NYC will finally fix Riverside Park’s persistent flooding problems
Riverside Park is plagued by drainage issues. | Courtesy of NYC Parks
The Olmsted-designed park’s drainage system dates back to the 1930s
When New Yorkers visit Riverside Park, they’re usually eager to lounge on the greenery and soak in waterfront views of the Hudson River. But thanks to the park’s 1930s era drainage infrastructure, those signature sloping hills are sopping up problematic amounts of rainfall that create makeshift marshes and transform staircases into waterfalls after heavy rains.
Now, after years of local advocacy, the city will invest $11.5 million to study and repair chronic drainage issues within the four-mile park, NYC’s Parks Department announced Thursday. The effort will prioritize the area between 108th and 116th streets, where flooding is most severe. NYC Parks Commissioner Mitchell Silver said the effort “will significantly improve the drainage systems and increase the park’s storm water capacity.”
This winter, the Parks department will issue a Request for Proposals (RFP) for an engineering consultant to study the park’s ailing stormwater drainage systems and design solutions. That study will be conducted the summer of 2020, and work to upgrade the infrastructure is expected to begin in 2022.
The project marks the first major investment in the park’s drainage system since its conception, and is emblematic of similar issues at deteriorating parks across the five boroughs. In a 2018 report on aging infrastructure within city parks, the Center for an Urban Future estimates that over the coming decade the city must invest $5.8 billion in parks to ensure existing maintenance challenges don’t spiral into a full scale crisis.
The average city park is 73 years old; waterfront facilities in parks—piers, marinas, and docks—are, on average, 76 years old. Yet, for decades, too few dollars for basic maintenance and too few staff are in place to ensure problems are addressed before they worsen.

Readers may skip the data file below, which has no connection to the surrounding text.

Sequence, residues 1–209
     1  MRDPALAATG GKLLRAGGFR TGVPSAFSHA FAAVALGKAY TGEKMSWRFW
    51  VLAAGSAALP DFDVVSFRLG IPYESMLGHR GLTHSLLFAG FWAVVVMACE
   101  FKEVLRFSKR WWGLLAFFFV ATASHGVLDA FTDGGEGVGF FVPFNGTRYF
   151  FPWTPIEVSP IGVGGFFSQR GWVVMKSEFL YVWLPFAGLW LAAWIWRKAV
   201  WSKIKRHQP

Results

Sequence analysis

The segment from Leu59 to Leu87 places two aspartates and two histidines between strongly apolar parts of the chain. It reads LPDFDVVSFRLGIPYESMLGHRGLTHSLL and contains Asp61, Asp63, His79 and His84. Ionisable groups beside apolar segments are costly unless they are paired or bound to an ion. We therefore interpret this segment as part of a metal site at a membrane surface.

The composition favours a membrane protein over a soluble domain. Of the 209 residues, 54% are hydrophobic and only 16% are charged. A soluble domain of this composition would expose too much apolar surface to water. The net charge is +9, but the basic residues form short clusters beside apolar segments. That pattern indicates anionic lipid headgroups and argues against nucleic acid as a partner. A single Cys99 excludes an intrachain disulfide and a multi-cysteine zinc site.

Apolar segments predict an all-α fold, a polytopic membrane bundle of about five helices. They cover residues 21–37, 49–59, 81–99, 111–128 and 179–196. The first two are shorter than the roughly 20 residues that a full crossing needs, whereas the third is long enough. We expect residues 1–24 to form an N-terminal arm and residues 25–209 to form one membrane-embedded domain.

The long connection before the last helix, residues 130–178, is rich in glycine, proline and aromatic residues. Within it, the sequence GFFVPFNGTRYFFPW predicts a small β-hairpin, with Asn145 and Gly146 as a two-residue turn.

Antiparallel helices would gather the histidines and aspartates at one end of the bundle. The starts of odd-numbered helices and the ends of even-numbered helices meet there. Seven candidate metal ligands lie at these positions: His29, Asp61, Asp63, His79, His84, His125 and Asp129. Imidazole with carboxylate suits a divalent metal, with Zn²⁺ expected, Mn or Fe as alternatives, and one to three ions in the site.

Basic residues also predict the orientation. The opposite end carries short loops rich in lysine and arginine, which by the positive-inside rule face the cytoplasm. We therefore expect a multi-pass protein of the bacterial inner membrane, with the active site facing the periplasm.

Mayor Bill de Blasio has made some strides in addressing these issues with the launch of the Community Parks Initiative and Anchor Parks Initiative, which have directed hundreds of millions toward improving systemically underfunded parks. NYC Parks has also recently begun its first-ever needs assessment of its entire portfolio. While promising, green space advocates note that the assessment isn’t expected to be complete for another 20 years, which they argue is an unacceptable timeframe for data that is key for future planning.
Drainage systems rank high on the list of capital needs with the invisible but crucial systems providing the important service of collecting and carrying away surface rainwater to prevent flooding. When these complicated systems break down, sports fields, running paths, and picnic spaces wind up submerged, sometimes for days at a time, and swaths of parks can become unusable.
Retaining walls—structures that literally prop up parks and hold back the weight of the surrounding environment—are some of the oldest and most important infrastructure in parks. When they erode, their decay can have catastrophic results on things like drainage, according to the Center for an Urban Future’s report. Riverside Park, it’s worth noting, has a retaining wall slated for major repairs.
There are, of course, myriad factors that go into the laundry list of problems aging parks face. Riverside Park’s natural geography also contributes to its flooding problems, according to NYC Parks’ 2016 masterplan to overhaul the green space. Due to its low elevation, stormwater surges into the park at the 115th Street entrance from neighboring sloped streets. Instead of actually going into the park’s drainage system, that liquid has the tendency to pool on paths and in lawns.
Local park advocate have for years called on the city to develop solutions, fearing that the chronic flooding could eventually impact an Amtrak tunnel that runs under the park, and called Thursday’s announcement a vital step on a path toward sorely-needed improvements.
“Riverside Park’s infrastructure has deteriorated significantly over decades, and this new investment is critically important to lift up one of the city’s most important public spaces,” Riverside Park Conservancy president Dan Garodnick said in a statement.
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